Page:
Thursday, April 26, 2012

Freedom and Inner Discipline

Why does it seem like children from the cleanest homes, with the tidiest clothes and hair, are sometimes the worst behaved?  Think "Lord of the Flies."  Once the plane full of English school kids crash-landed they quickly turned into savages.  They weren't civilized once they were removed from civilization.

These are the kinds of things I think about while people watching at the playground, grocery store or school pick-up.  When we see children acting like savages remember what Dr. Ray Guarendi says, "If the cookies come out burnt, do you blame the cookie?"  In other words, how has the child been raised to behave by the adults around him?  Do my children behave like savages when I'm not right there correcting them?

Maria Montessori talked about the interdependence of knowledge and the will.   Liberty is the freedom to choose what is right and good--not evil.  So we need to help small children know what is good and also help them to develop inner discipline and self-control.  The hard part is that it takes so much work on our part!  But it also means that we can develop alongside our children if we try to grow in self control and be good examples.

Montessori believed we need to give children real freedom, including the freedom to make bad choices.

"It's a risk.  In giving freedom we are allowing him to exercise his will within boundaries.  Practice some trust.  Let him do this in a safe environment.  Let him learn about consequences." (from my Philosophy Album, Belmont University)
And that's often where the mess comes in!


  1. I do blame the cookie.

  2. This is my favorite post yet! Although I have to admit, the cookie quote made me cringe a little. Is it fair to blame parents for the bad choices a child may make in life? I hope I can improve my training skills before all my kids are "burned."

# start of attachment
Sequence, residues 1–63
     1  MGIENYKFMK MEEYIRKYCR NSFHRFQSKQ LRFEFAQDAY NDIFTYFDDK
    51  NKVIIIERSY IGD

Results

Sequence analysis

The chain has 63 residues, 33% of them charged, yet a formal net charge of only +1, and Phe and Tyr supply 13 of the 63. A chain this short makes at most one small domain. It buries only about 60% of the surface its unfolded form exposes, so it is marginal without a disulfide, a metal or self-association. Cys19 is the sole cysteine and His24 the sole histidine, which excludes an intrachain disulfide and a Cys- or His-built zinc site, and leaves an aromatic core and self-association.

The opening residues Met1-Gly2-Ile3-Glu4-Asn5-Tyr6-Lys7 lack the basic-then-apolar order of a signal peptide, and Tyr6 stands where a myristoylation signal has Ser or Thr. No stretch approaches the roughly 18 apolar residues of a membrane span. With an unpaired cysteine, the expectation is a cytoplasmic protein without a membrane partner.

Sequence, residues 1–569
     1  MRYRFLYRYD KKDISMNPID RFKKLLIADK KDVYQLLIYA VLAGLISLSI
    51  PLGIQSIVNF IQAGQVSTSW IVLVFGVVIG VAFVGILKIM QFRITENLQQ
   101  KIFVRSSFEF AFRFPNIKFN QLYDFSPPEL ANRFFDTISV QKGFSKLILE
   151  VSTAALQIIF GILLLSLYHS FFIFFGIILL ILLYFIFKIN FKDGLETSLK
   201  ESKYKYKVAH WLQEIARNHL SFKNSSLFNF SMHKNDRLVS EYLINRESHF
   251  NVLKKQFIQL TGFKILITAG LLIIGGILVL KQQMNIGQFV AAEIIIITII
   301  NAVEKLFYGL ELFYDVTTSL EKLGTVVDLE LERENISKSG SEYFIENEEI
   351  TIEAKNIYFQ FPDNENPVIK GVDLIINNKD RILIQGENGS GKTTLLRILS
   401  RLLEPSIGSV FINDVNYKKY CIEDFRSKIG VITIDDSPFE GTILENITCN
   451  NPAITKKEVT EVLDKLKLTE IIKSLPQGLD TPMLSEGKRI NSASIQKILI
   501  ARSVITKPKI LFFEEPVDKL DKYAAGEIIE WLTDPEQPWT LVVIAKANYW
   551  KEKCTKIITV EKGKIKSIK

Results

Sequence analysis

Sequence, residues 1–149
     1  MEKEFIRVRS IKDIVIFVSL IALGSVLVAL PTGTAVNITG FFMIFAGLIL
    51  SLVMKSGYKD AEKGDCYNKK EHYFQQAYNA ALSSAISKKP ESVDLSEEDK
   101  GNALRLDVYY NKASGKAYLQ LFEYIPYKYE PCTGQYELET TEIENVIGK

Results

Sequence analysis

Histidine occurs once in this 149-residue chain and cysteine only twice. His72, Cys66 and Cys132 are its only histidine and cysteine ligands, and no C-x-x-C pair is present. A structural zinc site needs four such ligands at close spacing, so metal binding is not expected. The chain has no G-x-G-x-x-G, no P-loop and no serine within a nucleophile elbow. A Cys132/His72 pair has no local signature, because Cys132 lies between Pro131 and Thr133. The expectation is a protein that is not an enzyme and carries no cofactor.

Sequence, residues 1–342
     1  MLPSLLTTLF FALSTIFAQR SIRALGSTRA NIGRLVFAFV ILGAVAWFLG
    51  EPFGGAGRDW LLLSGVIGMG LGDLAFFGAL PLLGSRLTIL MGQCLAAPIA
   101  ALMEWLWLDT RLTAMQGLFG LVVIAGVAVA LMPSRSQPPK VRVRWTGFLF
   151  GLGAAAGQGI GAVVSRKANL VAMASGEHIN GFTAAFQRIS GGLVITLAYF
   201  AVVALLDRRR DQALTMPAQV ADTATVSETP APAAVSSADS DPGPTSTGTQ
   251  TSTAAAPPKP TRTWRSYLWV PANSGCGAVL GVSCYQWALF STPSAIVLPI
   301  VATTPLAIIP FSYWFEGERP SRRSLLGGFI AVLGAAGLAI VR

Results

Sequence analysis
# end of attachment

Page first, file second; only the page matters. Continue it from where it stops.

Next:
3. Thank you for your comment! I realized after I had posted this that my message may be interpreted that way. I didn't mean to imply that when children behave badly it's always the parents' fault. We need to help form their character in purposeful ways. The environment we provide can foster independence, even at the cost of tidiness! I was hoping to emphasize the idea of taking risks a little more, of fighting the "control freak" side we all can have. Of helping our children grow in their ability to make choices, little by little. We can only discover the person our child is becoming when we step back and watch a little. (And yes the Dr. Bob comment was my dear hubbie, doing some lighthearted teasing!)

  4. When my kids were little I prayed that I would have strong, independent kids: and I got 'em!
    I was amazed by the helicopter parents I would see at the playground and wonder sometimes what will happen to those kids as they grow and failures happen. How will they cope with that rejection? How will they handle losing? Not well, by all accounts. So poorly, in fact, that our city school system WILL NOT fail a child. They just march them right through the school regardless of their grades or level of mastery. The educational system here is in shambles because of it.
    So, I think letting kids experience their world through trial and error, especially in places where they are not really going to get hurt or hurt anyone, is a valuable teaching tool.
    Thanks for the great post. I am loving this blog. It makes me wish I still had little ones at home.

  5. I think we as parents do need to be responsible for our kids' behavior and make them correct wrongdoings.. They may make some bad choices and embarrass themselves-or us. But how we handle things after that is so important. Also, we can't let bad behavior slide at home and then expect angels when we go out. If your cookies are burned on occasion, it doesn't mean you are a bad cook just watch a little closer next time. If you exercise discipline with the painstaking battles at home, your kids are primed to behave well when they go out. Also, make cookies often! : )